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Home / Expertise / Sectors / Reputation Management

Reputation Management

Our specialist communications team can help you build, manage and protect your reputation.

Sectors and Services
Sectors

The Importance Of Reputation
The value of a good reputation should never be under- estimated. Whether it is your personal reputation or that of an organisation you work with, represent, or own, a good reputation offers many significant benefits.

For an organisation, a good reputation can deliver improved sales, better fundraising and staff input, retention and commitment.
For an individual, it can bring work opportunities and enhanced networks. It also offers protection if things go wrong.
If you have a reputation that is known, trusted and valued then you are better able to protect yourself against the spotlight of the media, social media or politicians.
Those around you, employees, local communities, donors and other stakeholders will also be more likely to stand up to speak for you and defend you.
Once damaged, a reputation can take years of effort and resources to rebuild. But by taking some simple and straightforward steps, you can put the processes in place to protect you and your family.

Understand your starting position

Without a clear appreciation of what your current reputation is and where the ‘weak spots’ are, you cannot hope to make any necessary repairs. You can only design an action plan based on information. It needs an honest assessment but is well worth the effort.

This should also include looking at any organisations you are involved with. Whether you are a school governor, charity trustee, the member of a Board or volunteer with an organisation, their reputation and the way they handle themselves can impact on you.

It is no longer possible to live and work in separate and distinct worlds.

Proactive Engagement

Consider whether you have a sufficiently developed network of contacts. Contacts can help provide insight and information which you can consider that allow informed decisions about you and any organisations you are involved in. The more contacts know and understand you, the more robust your reputation will be.

Be Prepared

There can always be the possibility of a crisis hitting. This can take many forms but often results in media interest and sometimes political interest. The best way to protect you and your reputation is to have a plan already in place and a team ready to support you. That team should be able to help you handle inquiries wherever they come from and protect your reputation. There may be legal issues involved as well so make sure your team includes all the experts you may need.

Update the plan regularly with contact details and make sure the plan is easily to hand: you never know when a crisis can occur.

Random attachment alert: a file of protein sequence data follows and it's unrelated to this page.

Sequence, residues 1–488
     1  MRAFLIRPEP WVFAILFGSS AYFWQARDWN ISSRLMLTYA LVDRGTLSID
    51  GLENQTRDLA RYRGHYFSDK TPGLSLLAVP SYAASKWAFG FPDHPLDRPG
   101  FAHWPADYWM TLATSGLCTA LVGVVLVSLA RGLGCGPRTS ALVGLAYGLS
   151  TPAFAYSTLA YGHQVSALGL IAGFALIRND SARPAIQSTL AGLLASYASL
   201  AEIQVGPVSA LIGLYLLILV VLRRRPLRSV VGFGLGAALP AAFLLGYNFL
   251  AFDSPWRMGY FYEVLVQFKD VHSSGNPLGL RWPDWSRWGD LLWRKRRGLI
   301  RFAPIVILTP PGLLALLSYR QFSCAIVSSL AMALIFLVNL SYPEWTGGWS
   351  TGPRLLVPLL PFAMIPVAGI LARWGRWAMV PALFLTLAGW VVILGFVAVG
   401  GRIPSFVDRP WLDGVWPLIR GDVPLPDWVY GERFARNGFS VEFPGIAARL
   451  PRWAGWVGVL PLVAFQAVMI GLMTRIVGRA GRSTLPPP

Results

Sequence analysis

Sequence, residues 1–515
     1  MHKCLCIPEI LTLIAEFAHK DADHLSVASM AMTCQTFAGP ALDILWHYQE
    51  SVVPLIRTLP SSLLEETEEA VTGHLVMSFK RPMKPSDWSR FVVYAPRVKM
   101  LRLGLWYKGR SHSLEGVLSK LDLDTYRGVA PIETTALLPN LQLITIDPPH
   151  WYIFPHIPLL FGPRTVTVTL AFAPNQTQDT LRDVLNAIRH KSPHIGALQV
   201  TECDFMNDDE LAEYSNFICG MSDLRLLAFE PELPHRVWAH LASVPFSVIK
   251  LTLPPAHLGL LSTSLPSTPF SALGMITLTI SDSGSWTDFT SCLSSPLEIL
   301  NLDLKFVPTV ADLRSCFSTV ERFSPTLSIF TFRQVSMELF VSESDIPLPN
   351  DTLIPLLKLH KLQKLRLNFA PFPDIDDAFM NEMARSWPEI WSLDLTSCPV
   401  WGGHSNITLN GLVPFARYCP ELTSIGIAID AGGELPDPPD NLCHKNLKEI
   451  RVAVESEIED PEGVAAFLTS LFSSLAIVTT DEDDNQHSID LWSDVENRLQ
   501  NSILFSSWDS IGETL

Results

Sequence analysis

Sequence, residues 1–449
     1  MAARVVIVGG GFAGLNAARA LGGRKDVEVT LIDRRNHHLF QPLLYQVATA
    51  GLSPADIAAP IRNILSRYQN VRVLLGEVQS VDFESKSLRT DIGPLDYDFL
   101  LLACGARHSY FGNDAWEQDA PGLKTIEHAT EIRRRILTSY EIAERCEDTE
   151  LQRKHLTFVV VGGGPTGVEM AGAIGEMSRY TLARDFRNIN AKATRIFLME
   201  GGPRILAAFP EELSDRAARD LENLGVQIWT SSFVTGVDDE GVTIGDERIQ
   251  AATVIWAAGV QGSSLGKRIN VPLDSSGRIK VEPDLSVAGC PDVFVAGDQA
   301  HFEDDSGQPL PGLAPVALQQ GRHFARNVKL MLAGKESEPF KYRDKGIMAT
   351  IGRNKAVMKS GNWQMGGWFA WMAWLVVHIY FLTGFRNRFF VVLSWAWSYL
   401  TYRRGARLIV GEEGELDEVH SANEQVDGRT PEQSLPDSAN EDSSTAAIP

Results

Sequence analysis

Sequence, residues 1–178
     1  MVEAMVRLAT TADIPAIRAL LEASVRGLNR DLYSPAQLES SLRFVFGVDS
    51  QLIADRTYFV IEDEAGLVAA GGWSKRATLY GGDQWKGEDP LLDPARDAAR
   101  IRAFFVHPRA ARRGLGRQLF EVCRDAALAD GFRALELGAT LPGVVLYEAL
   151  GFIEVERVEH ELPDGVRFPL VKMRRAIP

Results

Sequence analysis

Social Media

If you or your family are active on social media then what you – and they – say and do there is as important as what is said to the media. Think back as well. Historic social media activity can easily be found. Social media can also be an early warning system for potential issues. Having monitoring systems in place for all media is highly recommended. Even setting up a Google Alert for your name is a good basic starting point.

A key feature of my work is understanding the not for profit and public sectors within their wider political and public contexts. Stuart’s public affairs blog offers those key insights, often from an a”ngle that I don’t see explored elsewhere.

James Kirkland, Marketing and business Development, Grant Thornton

Control The Message

Avoiding knee-jerk reactions and statements at all times is critical. It is all too easy to overreact and take criticism personally. Don’t be tempted to do that. Instead, have the systems in place to ensure that comments cannot ‘emerge’ or be made ‘off-the-cuff’ without proper consideration. Don’t become your own worst enemy.
This is particularly important if what you say could impact on others. They could react and respond and that will only maintain the interest of the media and make the issue even more of a story.

Take Advice

Always take a breath and advice before doing anything. Any decisions about reputation should not be the preserve of a tightly knit group of people, ‘the usual suspects’ all
of who have a similar view of the world. Be prepared to bring in fresh thinking and perspectives. This may mean bringing in outside help, but it is really about the ability
to think through the issue and ensure some perspective
is brought to it. For issues impacting on personal lives this ‘detached’ perspective can be difficult to hear but will mean you are better able to defend your reputation.

Reputation protection can be complex and challenging but if you follow these steps and put some processes in place then you will be better prepared.

GET IN TOUCH

BDB Pitmans is a leading UK law firm with offices in London, Cambridge, Reading and Southampton. Many of our lawyers and advisers are recognised leaders in their practice areas – their knowledge and expertise helps us to provide a unique, client centred approach to law.

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You can never stop learning in public affairs, so I always read Stuart’s blog which contains a wealth of excellent insight, strategic advice and practical tips.

Darren Caplan, Chief Executive, Railway Industry Association

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